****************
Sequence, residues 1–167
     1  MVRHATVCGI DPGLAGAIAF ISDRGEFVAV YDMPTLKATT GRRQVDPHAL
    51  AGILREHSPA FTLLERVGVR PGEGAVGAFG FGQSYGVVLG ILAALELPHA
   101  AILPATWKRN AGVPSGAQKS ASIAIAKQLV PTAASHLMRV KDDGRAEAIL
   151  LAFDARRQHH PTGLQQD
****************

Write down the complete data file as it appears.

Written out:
Sequence, residues 1–167
     1  MVRHATVCGI DPGLAGAIAF ISDRGEFVAV YDMPTLKATT GRRQVDPHAL
    51  AGILREHSPA FTLLERVGVR PGEGAVGAFG FGQSYGVVLG ILAALELPHA
   101  AILPATWKRN AGVPSGAQKS ASIAIAKQLV PTAASHLMRV KDDGRAEAIL
   151  LAFDARRQHH PTGLQQD